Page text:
Why the latest model will also be the last
NEVER have I seen more camera phones pointed at a car than during my two days with the BMW i8.
People love the look of the car and what it represents as the first hybrid super-sports car to reach Australia.
It has supercar looks and futuristic technology that turns heads and prompts questions everywhere I go, although the $299,000 price tag stops a lot of people cold.
There are queries about the bits and bytes that combine a three-cylinder turbo engine in the tail with an electric motor in the nose. Not to mention the aluminium chassis and carbonfibre body.
The i8 is effectively an all- wheel-drive speed machine, with a 0-100km/h sprint time of 4.4 seconds, that can cruise as a pure battery car for up to 37km.
It has a 2+2 cabin, although the space in the back is only good for a five-year-old, and the usual go-faster bits from 20‒inch alloy wheels to fully independent suspension and luxury stuff running to aircon, full leather trim, digital instruments and brilliant sound system.
The heart of the car is a battery pack that occupies what would be the transmission tunnel in a regular car, while the body is made from 56 individual pieces and sits on top of the chassis.
The trickery includes LED lamps at both ends and dihedral doors that tilt up instead of hinging out.
Electronic wizardry gives you the best combination of excitement and efficiency to match the driving mode you have chosen.
I first encountered the i8 in Los Angeles, its spiritual home with a list of cashed-up greenies that starts at Steven Spielberg, and I was impressed. I could see some flaws but I wanted to try it at home.
So now it’s sitting in the driveway, hooked up to mains power to charge the battery pack, which comes with an eight-year/100,000km warranty, and I’m still impressed.
I like the way it looks, I like the idea of a super-sports car that is still relatively kind to the environment, and I like the way the i8 works alongside the all‒electric stablemate, the i3 city runabout.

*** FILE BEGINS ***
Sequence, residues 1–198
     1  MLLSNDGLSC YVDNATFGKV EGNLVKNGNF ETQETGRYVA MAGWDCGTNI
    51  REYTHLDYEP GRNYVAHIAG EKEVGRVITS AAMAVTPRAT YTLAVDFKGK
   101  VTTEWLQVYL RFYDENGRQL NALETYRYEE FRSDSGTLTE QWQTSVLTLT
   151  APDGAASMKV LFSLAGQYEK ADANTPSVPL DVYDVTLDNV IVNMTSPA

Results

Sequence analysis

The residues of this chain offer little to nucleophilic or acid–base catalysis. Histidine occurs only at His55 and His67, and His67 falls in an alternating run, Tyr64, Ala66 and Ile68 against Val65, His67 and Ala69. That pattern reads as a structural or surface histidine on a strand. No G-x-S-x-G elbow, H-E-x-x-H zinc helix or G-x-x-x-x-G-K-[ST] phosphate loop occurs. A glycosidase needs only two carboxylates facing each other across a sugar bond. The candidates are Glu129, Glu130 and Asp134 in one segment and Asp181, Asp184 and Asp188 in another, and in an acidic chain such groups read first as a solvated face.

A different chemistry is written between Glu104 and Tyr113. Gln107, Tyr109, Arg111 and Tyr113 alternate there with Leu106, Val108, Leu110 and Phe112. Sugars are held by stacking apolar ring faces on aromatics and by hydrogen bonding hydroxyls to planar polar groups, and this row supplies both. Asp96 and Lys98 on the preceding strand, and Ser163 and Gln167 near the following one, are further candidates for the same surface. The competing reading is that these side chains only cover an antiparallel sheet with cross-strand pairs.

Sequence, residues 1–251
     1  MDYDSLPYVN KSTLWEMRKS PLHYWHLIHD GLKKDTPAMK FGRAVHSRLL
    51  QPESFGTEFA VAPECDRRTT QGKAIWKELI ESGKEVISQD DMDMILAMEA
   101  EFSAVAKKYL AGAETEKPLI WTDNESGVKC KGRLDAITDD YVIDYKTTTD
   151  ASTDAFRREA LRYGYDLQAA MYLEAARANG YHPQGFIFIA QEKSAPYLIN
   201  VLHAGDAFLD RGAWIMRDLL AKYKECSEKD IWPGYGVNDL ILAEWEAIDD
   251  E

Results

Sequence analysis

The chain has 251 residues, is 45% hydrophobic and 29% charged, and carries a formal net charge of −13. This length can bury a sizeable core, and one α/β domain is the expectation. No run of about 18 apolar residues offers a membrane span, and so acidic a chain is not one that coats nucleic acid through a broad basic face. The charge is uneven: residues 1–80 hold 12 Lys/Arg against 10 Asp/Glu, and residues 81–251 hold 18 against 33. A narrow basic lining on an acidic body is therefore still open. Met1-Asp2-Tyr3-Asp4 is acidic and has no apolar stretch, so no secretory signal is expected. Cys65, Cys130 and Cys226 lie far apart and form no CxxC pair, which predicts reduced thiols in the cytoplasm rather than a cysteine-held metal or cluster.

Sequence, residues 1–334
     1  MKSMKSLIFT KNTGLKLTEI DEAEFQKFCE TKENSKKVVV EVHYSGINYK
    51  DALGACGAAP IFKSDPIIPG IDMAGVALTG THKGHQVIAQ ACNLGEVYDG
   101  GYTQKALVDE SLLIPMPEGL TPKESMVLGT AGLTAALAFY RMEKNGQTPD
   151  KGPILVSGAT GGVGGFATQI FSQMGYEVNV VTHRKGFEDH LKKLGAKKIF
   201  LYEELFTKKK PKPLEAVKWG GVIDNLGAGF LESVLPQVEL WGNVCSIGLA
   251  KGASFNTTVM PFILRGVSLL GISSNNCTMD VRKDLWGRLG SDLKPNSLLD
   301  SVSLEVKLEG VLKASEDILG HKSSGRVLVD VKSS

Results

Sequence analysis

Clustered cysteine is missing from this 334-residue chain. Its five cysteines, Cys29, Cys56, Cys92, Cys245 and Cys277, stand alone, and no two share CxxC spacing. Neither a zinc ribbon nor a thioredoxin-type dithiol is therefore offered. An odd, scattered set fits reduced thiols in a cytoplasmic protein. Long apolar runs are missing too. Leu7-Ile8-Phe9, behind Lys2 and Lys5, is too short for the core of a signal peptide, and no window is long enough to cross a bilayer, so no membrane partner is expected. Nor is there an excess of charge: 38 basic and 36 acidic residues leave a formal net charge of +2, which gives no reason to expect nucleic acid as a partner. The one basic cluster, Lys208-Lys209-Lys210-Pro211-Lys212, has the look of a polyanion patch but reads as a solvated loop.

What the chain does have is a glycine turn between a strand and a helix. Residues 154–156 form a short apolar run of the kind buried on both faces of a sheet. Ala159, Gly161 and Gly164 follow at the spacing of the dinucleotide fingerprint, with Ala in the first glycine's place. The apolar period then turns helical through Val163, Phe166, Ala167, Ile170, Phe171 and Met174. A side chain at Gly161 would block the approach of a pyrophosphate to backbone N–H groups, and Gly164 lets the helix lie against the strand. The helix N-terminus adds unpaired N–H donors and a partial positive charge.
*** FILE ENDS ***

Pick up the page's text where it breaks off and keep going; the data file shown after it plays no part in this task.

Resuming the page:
But ... there are plenty of buts, starting with the virtually $300K ticket. One friend, who has the money and likes the idea, is not going ahead with a purchase plan because of that.
Also, the i8 is quick but not genuinely fast. It also goes around corners very well, especially considering its low‒drag tyres, but not the way a keen driving fan will expect of a car that looks like a Porsche 911 beater.
In fact, the performance of the car is strong but not outstanding. That will come, I believe, when BMW has a better battery pack in version 2.0 to unleash more go from both the electric motor and the petrol turbo.
There are other problems, such as access. It is a struggle to get under the tricky-looking doors and over high side sills at the same time. The luggage compartment in the tail barely holds a couple of backpacks.
But I love the electric driving mode that’s nearly good enough for a battery-only run to work; I love the way the syncopated triple-cylinder kicks into action when I ask for flank speed.
I love the 5.2L/100km readout during my fun run over some mountain roads and I love the design work and the list of standard equipment including the head-up speedo display.
The more time I spend with the i8, the more I like it. Apart from the buts. And I can see that some people will buy one just so they can be the first in their social circle with a landmark car.
TICK OR NO TICK
My heart says the i8 is worth The Tick. Then my head kicks in and I look again at the price, then think about my cricked back and bruised elbow from battling to get in and out, and the difficulty in getting some shopping in the boot.
So it starts with The Tick as a science experiment and as a great car to look at and drive — but loses it in the next instant because of practical failings.
I’d still have change from $299,000 if I bought two cars: a Porsche 911 to satisfy my sports car craving and a brilliant little BMW i3 for fully green commuter work.